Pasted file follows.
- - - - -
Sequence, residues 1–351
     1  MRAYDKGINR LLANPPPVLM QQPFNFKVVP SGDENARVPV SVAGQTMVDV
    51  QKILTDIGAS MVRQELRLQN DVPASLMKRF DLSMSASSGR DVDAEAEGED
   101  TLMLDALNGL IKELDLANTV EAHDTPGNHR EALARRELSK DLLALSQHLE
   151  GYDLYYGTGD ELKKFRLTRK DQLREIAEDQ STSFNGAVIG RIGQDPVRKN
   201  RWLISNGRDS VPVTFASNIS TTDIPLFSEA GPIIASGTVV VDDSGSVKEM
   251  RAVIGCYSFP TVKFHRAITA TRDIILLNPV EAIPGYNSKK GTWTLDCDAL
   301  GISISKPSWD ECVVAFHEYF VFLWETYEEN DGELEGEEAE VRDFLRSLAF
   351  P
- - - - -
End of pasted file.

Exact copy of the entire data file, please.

Sequence, residues 1–351
     1  MRAYDKGINR LLANPPPVLM QQPFNFKVVP SGDENARVPV SVAGQTMVDV
    51  QKILTDIGAS MVRQELRLQN DVPASLMKRF DLSMSASSGR DVDAEAEGED
   101  TLMLDALNGL IKELDLANTV EAHDTPGNHR EALARRELSK DLLALSQHLE
   151  GYDLYYGTGD ELKKFRLTRK DQLREIAEDQ STSFNGAVIG RIGQDPVRKN
   201  RWLISNGRDS VPVTFASNIS TTDIPLFSEA GPIIASGTVV VDDSGSVKEM
   251  RAVIGCYSFP TVKFHRAITA TRDIILLNPV EAIPGYNSKK GTWTLDCDAL
   301  GISISKPSWD ECVVAFHEYF VFLWETYEEN DGELEGEEAE VRDFLRSLAF
   351  P